Children's Literature - Marcie Flinchum Atkins
This book is for those readers who want to know how to tell if a fairy is good or bad, what kinds of gifts fairies like, and how to tell the difference between a troll and a dwarf. Readers will feel like they are privy to the deepest secrets of the fairy world. It is presented as an instructional handbook. Between the "rules" and "secrets" of the fairy world that are revealed are tales that illustrate why these secrets are true. While the reader might surmise that fairies exist only in gardens or in forested areas, this book recounts stories that are set in New York City, such as the tale of the Harvester dwarves of the Lincoln Tunnel. The book is illustrated with black ink drawings with exquisite detail. Even pages without detailed drawings have wispy lines like flowers sometimes, spider legs other times, and have a general fairy-like quality to them. With its dark elements, this book is a world apart from Disney's fairies. Sophisticated readers will enjoy the tone of the book because it is creepy and yet fantastically informative at the same time. Highly recommended for savvy readers who are fascinated by magical creatures. Reviewer: Marcie Flinchum Atkins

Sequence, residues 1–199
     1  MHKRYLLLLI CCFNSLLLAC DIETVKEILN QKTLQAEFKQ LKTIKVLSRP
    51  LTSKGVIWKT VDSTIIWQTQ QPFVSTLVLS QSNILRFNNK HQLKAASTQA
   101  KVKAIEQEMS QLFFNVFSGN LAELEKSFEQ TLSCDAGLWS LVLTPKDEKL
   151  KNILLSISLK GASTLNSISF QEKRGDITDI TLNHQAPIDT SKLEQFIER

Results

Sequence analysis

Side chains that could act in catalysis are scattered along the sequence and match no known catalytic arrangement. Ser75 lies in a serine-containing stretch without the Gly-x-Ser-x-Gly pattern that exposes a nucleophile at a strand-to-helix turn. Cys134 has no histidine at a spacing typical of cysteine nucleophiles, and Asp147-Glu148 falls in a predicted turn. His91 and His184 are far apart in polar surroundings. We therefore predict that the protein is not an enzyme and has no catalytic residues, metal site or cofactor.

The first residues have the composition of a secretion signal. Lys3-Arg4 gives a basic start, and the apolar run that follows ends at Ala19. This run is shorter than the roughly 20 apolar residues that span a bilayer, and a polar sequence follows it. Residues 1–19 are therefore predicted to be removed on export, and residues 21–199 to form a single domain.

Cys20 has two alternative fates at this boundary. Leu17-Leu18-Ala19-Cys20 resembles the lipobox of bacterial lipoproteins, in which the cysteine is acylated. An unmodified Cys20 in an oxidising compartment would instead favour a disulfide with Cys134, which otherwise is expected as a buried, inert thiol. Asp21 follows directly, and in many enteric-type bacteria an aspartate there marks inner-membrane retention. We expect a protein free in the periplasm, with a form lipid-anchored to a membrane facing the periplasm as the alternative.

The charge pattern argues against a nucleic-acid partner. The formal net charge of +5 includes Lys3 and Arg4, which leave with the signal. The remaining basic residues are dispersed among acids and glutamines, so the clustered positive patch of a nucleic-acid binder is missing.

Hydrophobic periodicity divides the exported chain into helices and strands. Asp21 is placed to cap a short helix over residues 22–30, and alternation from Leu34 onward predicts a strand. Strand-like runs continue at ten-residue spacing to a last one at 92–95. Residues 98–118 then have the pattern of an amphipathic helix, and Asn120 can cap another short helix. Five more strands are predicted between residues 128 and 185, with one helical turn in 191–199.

Kirkus Reviews

Writing as authority "Miss Edythe McFate," Blume reveals that, even in New York, fairy folk are all around—having adapted to the urban environment—and so city children had best take special care not to run afoul of them. In two-dozen short chapters she introduces many types, explains their powers and (usually mischievous) proclivities and dispels common superstitions. She also suggests doable practices and strategies to stay on their good sides, such as leaving dishes of warm water, flower petals and Gummi bears around the house and ushering inchworms and ladybugs (all of which are fairy pets) found indoors back outside rather than killing them. Along with frequent weedy borders and corner spots, Foote adds portraits of chubby or insectile creatures, often in baroque attire. Interspersed with eight original tales (of children rescuing brownies ejected from the Algonquin Hotel during renovations, discovering a magical farm behind a door in the Lincoln Tunnel and so on), this collection of lore (much of it newly minted) offers an entertaining change of pace from the more traditional likes of Susannah Marriott's Field Guide to Fairies (2009). (Informational fantasy. 10-13)

Product Details

Random House Children's Books
Publication date:
Product dimensions:
6.30(w) x 8.10(h) x 0.90(d)
Age Range:
8 - 12 Years

Read an Excerpt

The War at the Algonquin Hotel    

You've likely heard of the famous Algonquin Hotel on Manhattan's West 44th Street, which sits like a tired, dignified old man with his back turned to the nearby carnival of Times Square.